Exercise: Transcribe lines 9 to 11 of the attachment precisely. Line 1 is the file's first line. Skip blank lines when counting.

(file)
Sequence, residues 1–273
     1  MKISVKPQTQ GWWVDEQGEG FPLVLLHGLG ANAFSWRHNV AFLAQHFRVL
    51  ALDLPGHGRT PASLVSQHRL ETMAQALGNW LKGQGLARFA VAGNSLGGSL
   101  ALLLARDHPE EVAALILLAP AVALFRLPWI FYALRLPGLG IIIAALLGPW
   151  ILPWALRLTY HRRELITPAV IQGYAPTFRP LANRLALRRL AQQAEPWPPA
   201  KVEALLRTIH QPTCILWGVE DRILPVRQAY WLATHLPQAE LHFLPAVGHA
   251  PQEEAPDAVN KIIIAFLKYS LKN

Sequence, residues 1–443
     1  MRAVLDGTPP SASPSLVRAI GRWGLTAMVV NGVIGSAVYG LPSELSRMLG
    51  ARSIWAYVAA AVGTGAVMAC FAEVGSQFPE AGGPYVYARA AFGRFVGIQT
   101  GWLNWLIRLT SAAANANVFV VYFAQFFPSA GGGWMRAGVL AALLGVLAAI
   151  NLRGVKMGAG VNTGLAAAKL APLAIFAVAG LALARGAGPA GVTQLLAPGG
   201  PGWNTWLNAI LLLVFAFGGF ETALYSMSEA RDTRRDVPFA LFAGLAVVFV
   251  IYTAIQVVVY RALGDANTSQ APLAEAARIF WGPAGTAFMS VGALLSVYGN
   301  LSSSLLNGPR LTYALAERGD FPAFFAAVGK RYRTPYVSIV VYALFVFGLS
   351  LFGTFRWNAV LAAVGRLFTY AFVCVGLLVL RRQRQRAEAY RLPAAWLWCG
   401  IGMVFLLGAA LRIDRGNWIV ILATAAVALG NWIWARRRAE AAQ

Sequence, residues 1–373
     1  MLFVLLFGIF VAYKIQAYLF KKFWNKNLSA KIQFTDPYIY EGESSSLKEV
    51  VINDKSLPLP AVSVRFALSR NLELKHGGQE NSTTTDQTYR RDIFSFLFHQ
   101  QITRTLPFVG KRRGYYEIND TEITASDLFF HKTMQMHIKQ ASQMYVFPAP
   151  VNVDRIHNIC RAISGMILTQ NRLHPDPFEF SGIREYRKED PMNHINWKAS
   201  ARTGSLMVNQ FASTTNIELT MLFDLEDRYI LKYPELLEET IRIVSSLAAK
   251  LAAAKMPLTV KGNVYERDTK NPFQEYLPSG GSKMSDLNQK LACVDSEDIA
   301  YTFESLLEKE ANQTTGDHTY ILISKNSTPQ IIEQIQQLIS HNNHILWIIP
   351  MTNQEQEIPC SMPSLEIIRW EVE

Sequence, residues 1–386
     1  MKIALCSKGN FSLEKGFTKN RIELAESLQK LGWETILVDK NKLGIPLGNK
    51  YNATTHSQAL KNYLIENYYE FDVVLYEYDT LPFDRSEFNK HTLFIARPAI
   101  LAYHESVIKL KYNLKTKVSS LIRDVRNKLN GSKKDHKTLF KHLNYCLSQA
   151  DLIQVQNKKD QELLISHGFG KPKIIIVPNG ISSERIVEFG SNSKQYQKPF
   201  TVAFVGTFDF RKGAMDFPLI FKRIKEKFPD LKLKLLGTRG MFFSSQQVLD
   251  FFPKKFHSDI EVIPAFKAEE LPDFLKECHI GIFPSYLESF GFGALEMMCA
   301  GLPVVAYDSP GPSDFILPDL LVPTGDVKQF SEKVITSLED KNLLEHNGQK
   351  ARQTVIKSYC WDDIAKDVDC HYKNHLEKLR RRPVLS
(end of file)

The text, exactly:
     1  MRAVLDGTPP SASPSLVRAI GRWGLTAMVV NGVIGSAVYG LPSELSRMLG
    51  ARSIWAYVAA AVGTGAVMAC FAEVGSQFPE AGGPYVYARA AFGRFVGIQT
   101  GWLNWLIRLT SAAANANVFV VYFAQFFPSA GGGWMRAGVL AALLGVLAAI